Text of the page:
“What’s your name?” Glenn asked.

“If Chuck likes you, you can all me whatever, man. Name’s Alejandro. Alex is fine.”

“Chuck’s a good guy,” Glenn said. “He looks out for people.”

“Chuck’s the shit,” Alex said. “Guy got me these boots. Didn’t even let me pay. I didn’t know anyone here until him.”

“Where are you coming from?” Glenn asked.

“North Dakota,” Alex said.

“I’ve never met . . . ,” Glenn trailed off.

“A Mexican from North Dakota? I move around a lot,” Alex said with a grin. “And I’m Salvadoran.”

Glenn checked his phone, wondering if he was racist for assuming the homeless man was Mexican. Glenn figured he had three or four hours before the inspector would come back. “Hey, Alex, you wanna make a couple bucks and have a hot meal? I could use a quick hand with some stuff inside.”

“Sounds good, boss,” Alex said, rolling his shoulders under the sack’s weight.

There wasn’t too much to do: a second floor toilet had overflowed and the whole bathroom had to be bleach-cleaned, one showerhead rattled ominously when the hot water came on, and some excess building materials were blocking one emergency exit. Small things that the two of them could handle without hurrying.

Last was the light switch.

Alex was telling a story of one of his first nights in the city. Where most homeless in new PT were shy, Alex liked to talk.

“Shouldn’t you wear gloves, or something?” Alex had taken a seat at the receptionist’s desk to watch.

“It’s just a light switch,” Glenn said. The plastic case had come off easily with two screws—two more were holding the switch housing to the wall with a mess of wires running behind it. “So, what happened that night?” Glenn asked, choosing a screw driver that might fit best.

“I was just trying to find a place to sleep. Most the good benches were taken and I was wandering around—a pretty warm night. I heard this shouting, like some old man anger. When I get there I see this street kid trying to sleep on this nice bench—Chuck said it gets shade in the morning and is close to the bathrooms. This old guy, right, he was yelling at him, really screaming.”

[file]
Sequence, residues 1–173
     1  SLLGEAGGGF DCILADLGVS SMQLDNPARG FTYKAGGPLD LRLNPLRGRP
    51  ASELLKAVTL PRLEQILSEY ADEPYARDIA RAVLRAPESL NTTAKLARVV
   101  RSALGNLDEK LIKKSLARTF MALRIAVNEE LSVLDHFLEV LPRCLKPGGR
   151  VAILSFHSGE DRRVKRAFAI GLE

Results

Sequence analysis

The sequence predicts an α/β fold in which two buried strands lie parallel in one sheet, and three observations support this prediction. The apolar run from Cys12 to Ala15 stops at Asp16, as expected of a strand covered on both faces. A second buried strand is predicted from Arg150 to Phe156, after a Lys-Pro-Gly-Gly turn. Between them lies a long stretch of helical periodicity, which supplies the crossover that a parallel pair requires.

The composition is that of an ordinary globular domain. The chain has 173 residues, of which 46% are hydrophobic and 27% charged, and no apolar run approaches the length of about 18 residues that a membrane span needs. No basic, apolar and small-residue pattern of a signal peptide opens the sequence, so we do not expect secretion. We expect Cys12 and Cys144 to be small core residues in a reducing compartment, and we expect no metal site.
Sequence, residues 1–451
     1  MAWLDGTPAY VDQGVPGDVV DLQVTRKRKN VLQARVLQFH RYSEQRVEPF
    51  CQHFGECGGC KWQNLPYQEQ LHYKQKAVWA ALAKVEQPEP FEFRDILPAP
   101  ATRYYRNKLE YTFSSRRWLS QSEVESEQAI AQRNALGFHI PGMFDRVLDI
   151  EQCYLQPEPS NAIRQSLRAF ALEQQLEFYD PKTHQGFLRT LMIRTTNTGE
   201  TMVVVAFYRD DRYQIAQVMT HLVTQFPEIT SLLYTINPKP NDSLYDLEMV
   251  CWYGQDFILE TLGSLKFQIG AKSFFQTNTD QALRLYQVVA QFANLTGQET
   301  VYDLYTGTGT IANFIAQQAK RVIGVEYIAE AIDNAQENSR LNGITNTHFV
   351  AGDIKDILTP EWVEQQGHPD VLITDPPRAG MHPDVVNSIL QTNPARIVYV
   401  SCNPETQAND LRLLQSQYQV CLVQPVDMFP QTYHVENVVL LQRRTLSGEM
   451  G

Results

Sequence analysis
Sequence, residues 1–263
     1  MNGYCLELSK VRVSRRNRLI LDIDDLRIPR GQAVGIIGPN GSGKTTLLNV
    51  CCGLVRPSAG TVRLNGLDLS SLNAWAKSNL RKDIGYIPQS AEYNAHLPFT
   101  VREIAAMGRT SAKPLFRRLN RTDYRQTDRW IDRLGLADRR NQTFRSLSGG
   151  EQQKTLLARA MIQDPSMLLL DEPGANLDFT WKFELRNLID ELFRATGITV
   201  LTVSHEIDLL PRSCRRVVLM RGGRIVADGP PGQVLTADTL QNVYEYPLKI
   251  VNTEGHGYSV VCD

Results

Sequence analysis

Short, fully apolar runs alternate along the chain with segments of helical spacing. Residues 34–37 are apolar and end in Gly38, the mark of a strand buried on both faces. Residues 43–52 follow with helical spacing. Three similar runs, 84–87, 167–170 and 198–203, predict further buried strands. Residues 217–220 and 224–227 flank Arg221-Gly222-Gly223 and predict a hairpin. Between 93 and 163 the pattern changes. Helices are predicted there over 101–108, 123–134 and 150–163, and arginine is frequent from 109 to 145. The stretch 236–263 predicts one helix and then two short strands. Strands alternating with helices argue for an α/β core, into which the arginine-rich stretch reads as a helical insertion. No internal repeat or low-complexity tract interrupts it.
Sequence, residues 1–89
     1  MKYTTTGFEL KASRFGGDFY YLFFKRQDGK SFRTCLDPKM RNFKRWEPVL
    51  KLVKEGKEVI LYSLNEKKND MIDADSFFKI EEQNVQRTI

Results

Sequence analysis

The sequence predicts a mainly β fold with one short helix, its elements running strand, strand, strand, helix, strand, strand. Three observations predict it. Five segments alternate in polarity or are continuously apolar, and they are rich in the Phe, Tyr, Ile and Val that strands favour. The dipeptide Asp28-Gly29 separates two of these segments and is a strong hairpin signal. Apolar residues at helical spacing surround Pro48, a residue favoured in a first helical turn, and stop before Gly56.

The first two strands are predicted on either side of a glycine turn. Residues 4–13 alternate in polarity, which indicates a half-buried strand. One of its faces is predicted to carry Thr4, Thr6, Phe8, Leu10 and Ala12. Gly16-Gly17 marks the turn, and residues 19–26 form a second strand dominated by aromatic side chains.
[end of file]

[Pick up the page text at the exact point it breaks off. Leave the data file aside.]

Glenn unscrewed the switch house and tried to wiggle it free—a tingle shot up his arm and he let go, shaking his hand. A few seconds later it faded.

“You all right?” Alex stood up. “Shouldn’t you turn the power off first?”

“Forget it,” Glenn said, rubbing his hand. “So, what, you got physical with this old guy?”

“Nah, man, I just told him to shut the fuck up,” Alex said, laughing. “That’s how I met Chuck—he thought it was funny.”

Glenn thought through the troubleshooting steps—he didn’t have time to call an electrician. He walked over to the desk and grabbed a package of light bulbs from one drawer and dragged a lobby chair beneath the light. A few quick turns had the fixture off and when the new bulb was halfway in it came on, blinding him for a moment.

“Don’t say anything,” Glenn said, kicking the chair back in place.

Alex rolled his shoulders in a slow shrug—it seemed a practiced motion. “Chuck and I stuck around for a bit, drinking, and the kid got the nice bench for the night. He better watch out, though, you know.”

Glenn starting screwing the cover back in place, and then stopped. “Wait, so this was a kid on the street? Did anyone know him?”

“Yeah, man, a kid,” Alex said, “Chuck had never seen him—no.”

“Was his name Harry?” Glenn asked. “Did anyone call him Harry?”

“Might’ve been—I was kinda fuzzy, sorry,” Alex said. “I just met Chuck and he shared a bottle, and I don’t really drink.”

How long would it take a kid to get here from Cleveland, Glenn wondered. There were some kids on the street, he knew, and this could be any one of them.

“If you ever see this kid,” Glenn said, reaching into his pocket. He wrapped a twenty dollar bill around his business card. “Call this number.”

Alex slipped the bundle into his pocket. “I don’t have a phone, man, I can’t—”

“Doesn’t matter,” Glenn said. “Find a phone—any phone. And call me when you see him. Tell Chuck the same—okay?”

“Yeah, sure boss.”

Glenn checked the time. “So, there’s a decent taqueria a few blocks down. You hungry?”

Alex laughed. “Sure, I haven’t had good Mexican since I left New York.”